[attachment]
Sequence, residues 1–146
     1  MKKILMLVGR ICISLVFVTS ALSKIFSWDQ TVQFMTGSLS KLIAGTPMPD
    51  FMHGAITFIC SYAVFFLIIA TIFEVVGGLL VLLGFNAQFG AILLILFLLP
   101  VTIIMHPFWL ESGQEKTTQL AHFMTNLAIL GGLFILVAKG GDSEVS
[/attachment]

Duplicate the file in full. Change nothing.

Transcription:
Sequence, residues 1–146
     1  MKKILMLVGR ICISLVFVTS ALSKIFSWDQ TVQFMTGSLS KLIAGTPMPD
    51  FMHGAITFIC SYAVFFLIIA TIFEVVGGLL VLLGFNAQFG AILLILFLLP
   101  VTIIMHPFWL ESGQEKTTQL AHFMTNLAIL GGLFILVAKG GDSEVS